The Michizure Japanese Restaurant is one of three, with the
other two being in Bangkok and Korat.
It is not a large establishment, but even from the outside is
unmistakably Japanese, with wood and rectangular shapes predominating. There is
also the short Japanese ‘curtain’ hanging down over the doors.
entering it is still not a large area, but clever use has been made of the
space. Along one wall is a sit-up sushi bar where you can watch the young chef
make those wonderfully artistic food creations, all rolled up and sliced into
bite sized shapes. I do profess ignorance between sushi and sashimi, despite
having been appraised of it. However, having closely watched the specialized
chefs, I do know that there is much painstaking skill and culinary artistry
The rest of the floor space has been used to provide a
traditional Japanese eatery where you sit on the elevated floor and dine off low
tables. For Thai people, and those who are young and fit, this poses no problem,
but for the rest of us, it might be better to stick with the sit-up bar! The
various tables are separated by low Shoji style screens, and the rest of the
decor tends towards bamboo and Japanese minimalism along with the mandatory
photo of Mt. Fuji.
menu is a photographic one, which certainly makes sense for any restaurant that
may have an international clientele looking to order cuisine that it is not
totally sure of. Fish and chips may be universal (was that all the Brits gave
the world?), but Futo Maki is not so well known!
Set menus are offered for those who have totally no idea of
Japanese food and are probably a good idea for the tyro. There are four of
these, with the BBQ, the Tempura and the Saba sets at B. 150, while the more
expensive Eel set comes in at B. 350.
There are a couple of soups, with the better known Miso at B.
50 while the not so well known Butajiru is B. 95. The various sushi items are
again presented in visual form, with the aforementioned Futo Maki offered at B.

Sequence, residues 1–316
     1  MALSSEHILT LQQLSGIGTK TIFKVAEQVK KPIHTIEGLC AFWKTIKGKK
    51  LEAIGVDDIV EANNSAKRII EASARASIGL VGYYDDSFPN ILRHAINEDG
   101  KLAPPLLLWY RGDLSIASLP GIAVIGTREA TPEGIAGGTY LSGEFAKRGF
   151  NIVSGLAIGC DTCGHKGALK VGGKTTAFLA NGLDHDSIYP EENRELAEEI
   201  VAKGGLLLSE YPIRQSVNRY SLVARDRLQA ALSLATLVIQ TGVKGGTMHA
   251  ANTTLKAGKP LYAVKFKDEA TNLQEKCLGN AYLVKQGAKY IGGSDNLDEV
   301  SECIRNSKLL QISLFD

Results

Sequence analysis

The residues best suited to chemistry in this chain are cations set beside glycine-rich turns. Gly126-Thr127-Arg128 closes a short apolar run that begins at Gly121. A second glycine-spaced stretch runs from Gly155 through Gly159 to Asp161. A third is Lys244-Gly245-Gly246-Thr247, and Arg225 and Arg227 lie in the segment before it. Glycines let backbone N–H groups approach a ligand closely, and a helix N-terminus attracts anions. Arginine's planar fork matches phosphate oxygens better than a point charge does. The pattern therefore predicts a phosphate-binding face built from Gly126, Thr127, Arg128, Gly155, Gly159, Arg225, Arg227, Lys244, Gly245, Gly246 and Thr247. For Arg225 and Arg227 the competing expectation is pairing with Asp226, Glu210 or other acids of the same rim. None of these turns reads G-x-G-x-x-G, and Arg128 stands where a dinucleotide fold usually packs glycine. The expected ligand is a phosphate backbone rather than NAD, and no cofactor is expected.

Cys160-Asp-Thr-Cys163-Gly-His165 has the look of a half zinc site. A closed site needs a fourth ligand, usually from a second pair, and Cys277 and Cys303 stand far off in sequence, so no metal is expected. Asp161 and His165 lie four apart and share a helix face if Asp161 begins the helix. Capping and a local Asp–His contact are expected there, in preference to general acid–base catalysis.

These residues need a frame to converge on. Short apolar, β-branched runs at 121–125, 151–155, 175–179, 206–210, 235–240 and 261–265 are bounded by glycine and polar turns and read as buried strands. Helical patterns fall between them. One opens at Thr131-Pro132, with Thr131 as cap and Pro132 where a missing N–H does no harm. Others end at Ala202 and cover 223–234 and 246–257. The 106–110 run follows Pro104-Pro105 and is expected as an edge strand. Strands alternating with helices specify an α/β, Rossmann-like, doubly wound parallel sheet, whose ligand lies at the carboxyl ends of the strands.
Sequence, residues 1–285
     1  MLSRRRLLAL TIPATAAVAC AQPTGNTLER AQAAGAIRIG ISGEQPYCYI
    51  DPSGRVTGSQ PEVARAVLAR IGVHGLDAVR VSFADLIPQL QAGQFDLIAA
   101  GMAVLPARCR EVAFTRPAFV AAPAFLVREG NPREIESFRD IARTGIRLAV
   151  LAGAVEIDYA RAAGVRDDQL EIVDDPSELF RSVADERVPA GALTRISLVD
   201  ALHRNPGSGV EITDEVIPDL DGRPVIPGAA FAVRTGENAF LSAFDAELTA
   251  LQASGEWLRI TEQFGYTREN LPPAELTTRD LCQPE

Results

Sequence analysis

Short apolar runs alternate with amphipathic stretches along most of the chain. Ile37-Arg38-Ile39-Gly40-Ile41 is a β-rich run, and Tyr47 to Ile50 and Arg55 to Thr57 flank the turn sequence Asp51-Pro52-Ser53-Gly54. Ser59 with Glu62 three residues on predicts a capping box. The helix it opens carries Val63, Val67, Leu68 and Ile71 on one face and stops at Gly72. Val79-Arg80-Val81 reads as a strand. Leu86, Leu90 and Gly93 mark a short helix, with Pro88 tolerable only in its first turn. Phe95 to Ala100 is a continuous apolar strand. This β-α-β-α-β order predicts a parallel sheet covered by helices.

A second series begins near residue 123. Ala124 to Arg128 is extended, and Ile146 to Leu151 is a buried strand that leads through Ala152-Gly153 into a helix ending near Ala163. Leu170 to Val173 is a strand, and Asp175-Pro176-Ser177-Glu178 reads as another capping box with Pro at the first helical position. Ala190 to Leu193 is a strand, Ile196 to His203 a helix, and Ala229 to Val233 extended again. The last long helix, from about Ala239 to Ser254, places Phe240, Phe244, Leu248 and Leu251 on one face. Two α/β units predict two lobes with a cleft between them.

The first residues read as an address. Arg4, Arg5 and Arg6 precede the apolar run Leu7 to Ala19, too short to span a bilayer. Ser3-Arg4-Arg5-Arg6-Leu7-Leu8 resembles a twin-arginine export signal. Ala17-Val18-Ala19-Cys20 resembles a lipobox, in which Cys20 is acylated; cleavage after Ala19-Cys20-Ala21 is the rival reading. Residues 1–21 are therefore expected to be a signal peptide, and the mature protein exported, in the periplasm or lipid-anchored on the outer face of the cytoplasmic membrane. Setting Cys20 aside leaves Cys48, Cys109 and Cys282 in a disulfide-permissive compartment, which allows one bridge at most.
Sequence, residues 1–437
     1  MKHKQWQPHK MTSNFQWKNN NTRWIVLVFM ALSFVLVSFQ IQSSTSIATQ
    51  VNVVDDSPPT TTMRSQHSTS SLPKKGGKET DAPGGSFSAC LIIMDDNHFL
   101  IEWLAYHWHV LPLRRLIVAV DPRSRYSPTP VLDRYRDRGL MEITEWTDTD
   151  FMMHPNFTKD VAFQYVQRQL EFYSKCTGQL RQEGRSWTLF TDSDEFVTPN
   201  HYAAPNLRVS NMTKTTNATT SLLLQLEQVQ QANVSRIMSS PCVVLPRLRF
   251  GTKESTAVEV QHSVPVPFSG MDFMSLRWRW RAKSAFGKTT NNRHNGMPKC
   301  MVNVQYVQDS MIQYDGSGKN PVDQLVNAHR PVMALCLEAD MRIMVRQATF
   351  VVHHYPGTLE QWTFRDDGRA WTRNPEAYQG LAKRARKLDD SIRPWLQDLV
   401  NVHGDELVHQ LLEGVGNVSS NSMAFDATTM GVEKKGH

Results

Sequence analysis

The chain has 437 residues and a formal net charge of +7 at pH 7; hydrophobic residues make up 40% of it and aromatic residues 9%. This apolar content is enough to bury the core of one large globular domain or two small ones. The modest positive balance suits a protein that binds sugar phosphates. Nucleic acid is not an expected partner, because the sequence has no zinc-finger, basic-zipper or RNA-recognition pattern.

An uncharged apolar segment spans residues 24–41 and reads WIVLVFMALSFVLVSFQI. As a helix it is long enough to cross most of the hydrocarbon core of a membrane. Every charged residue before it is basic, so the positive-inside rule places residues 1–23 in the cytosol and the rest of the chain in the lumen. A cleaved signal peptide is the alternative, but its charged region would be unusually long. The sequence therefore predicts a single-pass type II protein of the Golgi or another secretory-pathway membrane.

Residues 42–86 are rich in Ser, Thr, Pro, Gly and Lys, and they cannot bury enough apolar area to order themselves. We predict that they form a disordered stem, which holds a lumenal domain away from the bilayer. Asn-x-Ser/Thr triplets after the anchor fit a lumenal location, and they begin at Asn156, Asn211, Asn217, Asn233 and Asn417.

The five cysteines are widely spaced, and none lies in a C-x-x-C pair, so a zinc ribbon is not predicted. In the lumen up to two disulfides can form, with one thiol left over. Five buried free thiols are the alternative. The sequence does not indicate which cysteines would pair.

200. Another Japanese favourite is grilled Pacific Saury at B. 130.
There are also some surprisingly different items, such as a
Japanese pizza at B. 100 and an item called an ‘Asparabacon’ roll, which is
simply a roll made up of asparagus and bacon! This is B. 85. Most other items in
the menu are under B. 100.
Michizure provided us with a range of items to try, and the
first was a beef and schnitzel dish with rice, potato and carrot. This did not
seem like traditional Japanese fare to us, seeming to be more of a cross between
Asian and Euro, and predominantly from the West. Whatever its origin, it was
actually very pleasant.
Futo Maki was next, which came with its own serve of Wasabi
(Miss Terry Diner’s favourite addition to any food). Again very pleasant.
The next dish was another new taste for all of us. A Japanese
pizza! A thick crust pizza, complete with Japanese writing on the top (which
probably said “pizza!”). This was another dish we all enjoyed.
To be honest, I was pleasantly surprised by Michizure. The
food is of a high standard and is not expensive by Japanese restaurant
standards, even though the maitre d’ was apologizing for some items as she
uses the more expensive imported ingredients, rather than the locally available
(and cheaper) ones. The Japanese ‘pizza’ was a real eye opener, while the
beef and schnitzel dish with rice, potato and carrot seemed as if it would have
been at home in any European restaurant. In this way, Michizure has elevated
itself above ‘simple’ Japanese to give itself a more international appeal.
Worth a try one evening. Take along a bunch of people and experiment.
Michizure Japanese Restaurant, 164/102-3 Changklan Road (in
front of Wachirawit school), telephone 053 818 523. Open every day 3.30 p.m.
until 11 p.m. and for lunch on Saturday and Sunday 11 a.m. until 1.30 p.m.
Street parking. Free home delivery within Chiang Mai City.